Album: J-Jazz: Deep Modern Jazz from Japan 1969-1984
Genre: Latin Jazz / Jazz-Funk
Quality: mp3, 320 kbps
Koichi Matsukaze Trio – Earth Mother (11:22)
Tohru Aizawa Quartet – Dead Letter (10:11)
Eiji Nakayama – Aya’s Samba (6:33)
Takao Uematsu – White Fire (7:48)
Shintaro Quintet – A Blind Man (10:55)
Mitsuaki Katayama – Unknown Point (6:33)
Takeo Moriyama – Kaze (5:09)
Fumio Karashima – Little Island (9:04)
Kiyoshi Sugimoto – Long Neal (8:26)
There is a lovely anecdote in Charlie Laurie’s introduction to The Blue Note Years: The Jazz Photography Of Francis Wolff (Rizzoli, 1995). Describing the first Blue Note Festival at the foot of Japan’s Mount Fuji in 1986, Laurie wrote: “Where else but in Japan can one see a field packed with fifteen thousand teens and twentysomethings roar with excited recognition at the first four bars of Sonny Clark’s ‘Cool Struttin’?” Young Japanese musicians were as entranced by US jazz during the 1980s as were festival audiences, andJ Jazz: Deep Modern Jazz From Japan 1969—1984 perfectly captures their febrile embrace of the music. Japan shared its enthusiasm with other countries—there were similar movements in Britain and across continental Europe during the 1980s, often linked to jazz as dance music—but the scale of the Japanese phenomenon was unique.
What gives the tracks on J Jazz value 30 or 40 years on is that they are not slavish knock-offs of US jazz. Local musicians took the US template, infused it with their own ideas and cultural traditions, and came up with something strikingly different. And in some cases, it has to be said, something best forgotten. But J Jazz avoids the clangers and is composed entirely of the good stuff. Compiled by British collectors Tony Higgins and Mike Peden, the album spans cosmic jazz, abstraction and on-fire dancefloor fusion by artists whose names are generally only known to niche listeners. A running thread through the tracks is the ramped-up drive of the drummers and the bassists (which compensates for the longueurs of soloists whose enthusiasm occasionally runs away with them).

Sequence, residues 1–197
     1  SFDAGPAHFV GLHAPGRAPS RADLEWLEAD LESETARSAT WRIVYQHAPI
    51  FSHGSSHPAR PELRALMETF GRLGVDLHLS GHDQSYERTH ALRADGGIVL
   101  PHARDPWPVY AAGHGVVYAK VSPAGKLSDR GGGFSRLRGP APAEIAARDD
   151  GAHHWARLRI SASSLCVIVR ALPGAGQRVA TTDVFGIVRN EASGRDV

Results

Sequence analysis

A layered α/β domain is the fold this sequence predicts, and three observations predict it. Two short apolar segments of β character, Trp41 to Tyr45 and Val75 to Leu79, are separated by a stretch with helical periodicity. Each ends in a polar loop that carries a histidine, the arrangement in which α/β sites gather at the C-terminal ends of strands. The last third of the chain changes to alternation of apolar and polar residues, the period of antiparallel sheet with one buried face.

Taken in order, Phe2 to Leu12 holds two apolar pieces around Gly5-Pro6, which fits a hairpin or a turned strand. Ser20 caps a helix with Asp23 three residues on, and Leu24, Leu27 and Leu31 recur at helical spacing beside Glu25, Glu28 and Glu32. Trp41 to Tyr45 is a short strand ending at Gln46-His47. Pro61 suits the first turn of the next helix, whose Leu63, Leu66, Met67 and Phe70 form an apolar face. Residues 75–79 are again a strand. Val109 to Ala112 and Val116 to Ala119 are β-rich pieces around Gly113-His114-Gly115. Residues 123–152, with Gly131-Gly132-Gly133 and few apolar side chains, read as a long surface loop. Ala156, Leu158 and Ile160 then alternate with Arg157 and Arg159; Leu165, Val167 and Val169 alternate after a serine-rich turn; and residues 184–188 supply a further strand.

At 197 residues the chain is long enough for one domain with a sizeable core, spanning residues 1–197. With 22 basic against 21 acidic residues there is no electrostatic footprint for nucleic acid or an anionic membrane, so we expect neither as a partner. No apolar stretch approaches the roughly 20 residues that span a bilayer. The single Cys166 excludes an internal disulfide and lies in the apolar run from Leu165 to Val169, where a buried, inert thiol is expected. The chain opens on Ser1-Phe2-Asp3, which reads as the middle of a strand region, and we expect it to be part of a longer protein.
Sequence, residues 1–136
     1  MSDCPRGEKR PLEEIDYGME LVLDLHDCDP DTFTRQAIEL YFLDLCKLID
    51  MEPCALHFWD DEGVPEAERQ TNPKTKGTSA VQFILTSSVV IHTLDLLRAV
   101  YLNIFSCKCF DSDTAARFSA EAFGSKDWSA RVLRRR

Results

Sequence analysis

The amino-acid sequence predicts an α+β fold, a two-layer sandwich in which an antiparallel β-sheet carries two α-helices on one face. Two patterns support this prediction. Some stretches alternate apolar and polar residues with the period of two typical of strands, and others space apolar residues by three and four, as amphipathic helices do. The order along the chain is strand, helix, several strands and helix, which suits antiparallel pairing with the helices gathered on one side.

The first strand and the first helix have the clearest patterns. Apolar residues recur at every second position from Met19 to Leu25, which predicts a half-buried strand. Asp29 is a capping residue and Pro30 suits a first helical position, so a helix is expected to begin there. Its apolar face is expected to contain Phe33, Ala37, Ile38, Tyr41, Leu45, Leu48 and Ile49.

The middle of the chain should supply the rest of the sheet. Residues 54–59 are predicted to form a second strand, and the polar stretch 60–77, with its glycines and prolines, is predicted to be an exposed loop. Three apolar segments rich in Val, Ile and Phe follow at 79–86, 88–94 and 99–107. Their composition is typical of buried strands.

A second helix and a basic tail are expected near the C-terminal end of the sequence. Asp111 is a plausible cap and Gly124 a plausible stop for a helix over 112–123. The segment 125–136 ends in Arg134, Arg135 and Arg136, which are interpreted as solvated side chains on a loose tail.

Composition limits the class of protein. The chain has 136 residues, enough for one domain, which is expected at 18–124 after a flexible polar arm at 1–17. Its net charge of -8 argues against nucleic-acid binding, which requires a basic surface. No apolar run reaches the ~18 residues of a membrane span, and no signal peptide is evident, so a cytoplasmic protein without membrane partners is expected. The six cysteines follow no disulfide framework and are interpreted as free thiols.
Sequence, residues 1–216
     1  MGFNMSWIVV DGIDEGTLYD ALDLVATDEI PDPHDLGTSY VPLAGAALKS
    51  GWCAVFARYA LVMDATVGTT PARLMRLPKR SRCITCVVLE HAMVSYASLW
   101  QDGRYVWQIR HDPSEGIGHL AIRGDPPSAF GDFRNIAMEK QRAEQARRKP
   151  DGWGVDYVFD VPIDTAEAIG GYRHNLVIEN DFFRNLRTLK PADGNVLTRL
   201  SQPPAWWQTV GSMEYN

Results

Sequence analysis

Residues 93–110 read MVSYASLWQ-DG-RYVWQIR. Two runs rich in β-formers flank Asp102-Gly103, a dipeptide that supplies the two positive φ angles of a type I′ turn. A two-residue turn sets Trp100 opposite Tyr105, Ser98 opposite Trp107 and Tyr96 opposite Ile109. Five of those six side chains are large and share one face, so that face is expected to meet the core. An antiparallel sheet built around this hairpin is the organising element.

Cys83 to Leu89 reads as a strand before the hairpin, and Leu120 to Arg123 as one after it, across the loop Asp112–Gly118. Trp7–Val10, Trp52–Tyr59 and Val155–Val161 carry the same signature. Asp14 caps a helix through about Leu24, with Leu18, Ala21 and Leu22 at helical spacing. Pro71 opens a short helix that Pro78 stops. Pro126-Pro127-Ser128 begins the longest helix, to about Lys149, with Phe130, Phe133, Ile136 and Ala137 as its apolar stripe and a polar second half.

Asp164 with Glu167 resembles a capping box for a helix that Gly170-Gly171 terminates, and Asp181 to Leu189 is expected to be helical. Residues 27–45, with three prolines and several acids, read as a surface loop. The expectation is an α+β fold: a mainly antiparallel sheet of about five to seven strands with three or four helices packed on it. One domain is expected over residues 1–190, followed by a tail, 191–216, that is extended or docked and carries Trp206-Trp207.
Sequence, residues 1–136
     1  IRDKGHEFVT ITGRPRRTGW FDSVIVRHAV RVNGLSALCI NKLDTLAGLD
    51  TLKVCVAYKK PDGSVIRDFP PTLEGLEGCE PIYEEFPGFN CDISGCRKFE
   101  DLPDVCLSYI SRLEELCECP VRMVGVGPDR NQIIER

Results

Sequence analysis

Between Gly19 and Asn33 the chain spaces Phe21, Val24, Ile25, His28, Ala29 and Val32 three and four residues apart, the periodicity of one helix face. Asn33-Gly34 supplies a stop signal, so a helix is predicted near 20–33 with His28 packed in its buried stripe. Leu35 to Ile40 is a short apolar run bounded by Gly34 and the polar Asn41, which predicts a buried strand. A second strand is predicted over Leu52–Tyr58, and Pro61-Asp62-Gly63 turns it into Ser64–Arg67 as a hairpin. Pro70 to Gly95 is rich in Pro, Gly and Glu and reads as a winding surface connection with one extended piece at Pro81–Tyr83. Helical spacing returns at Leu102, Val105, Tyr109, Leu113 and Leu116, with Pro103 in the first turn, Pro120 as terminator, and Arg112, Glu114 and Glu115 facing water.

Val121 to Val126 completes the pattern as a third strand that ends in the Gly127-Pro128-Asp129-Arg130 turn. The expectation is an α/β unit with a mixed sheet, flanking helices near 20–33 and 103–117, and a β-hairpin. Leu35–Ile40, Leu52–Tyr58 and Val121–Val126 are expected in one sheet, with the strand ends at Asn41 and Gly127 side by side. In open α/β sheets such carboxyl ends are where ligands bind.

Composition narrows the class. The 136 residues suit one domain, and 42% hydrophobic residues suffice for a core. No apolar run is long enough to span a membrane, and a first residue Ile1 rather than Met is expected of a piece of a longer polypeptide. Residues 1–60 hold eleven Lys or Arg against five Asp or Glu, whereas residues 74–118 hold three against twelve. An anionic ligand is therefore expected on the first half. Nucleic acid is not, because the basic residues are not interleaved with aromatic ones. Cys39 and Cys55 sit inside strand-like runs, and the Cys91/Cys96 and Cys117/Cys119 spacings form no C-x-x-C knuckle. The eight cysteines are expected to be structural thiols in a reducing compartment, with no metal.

The first pressing of a 3xLP edition, with three extra tracks, has already sold out but is scheduled for rerelease in June 2018. One of the vinyl-only tracks is a long-lost collaboration between US bassist Reggie Workman and a septet led by trumpeter Terumasa Hino.
This is, apparently, the first time any of the tracks featured on J Jazz have been officially released outside Japan. All good things come to those who wait.
By CHRIS MAY